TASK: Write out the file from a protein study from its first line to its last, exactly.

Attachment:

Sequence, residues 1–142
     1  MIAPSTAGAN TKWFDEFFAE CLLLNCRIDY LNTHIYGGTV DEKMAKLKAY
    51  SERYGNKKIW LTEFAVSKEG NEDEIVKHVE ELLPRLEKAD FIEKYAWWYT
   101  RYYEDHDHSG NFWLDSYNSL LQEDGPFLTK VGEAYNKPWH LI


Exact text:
Sequence, residues 1–142
     1  MIAPSTAGAN TKWFDEFFAE CLLLNCRIDY LNTHIYGGTV DEKMAKLKAY
    51  SERYGNKKIW LTEFAVSKEG NEDEIVKHVE ELLPRLEKAD FIEKYAWWYT
   101  RYYEDHDHSG NFWLDSYNSL LQEDGPFLTK VGEAYNKPWH LI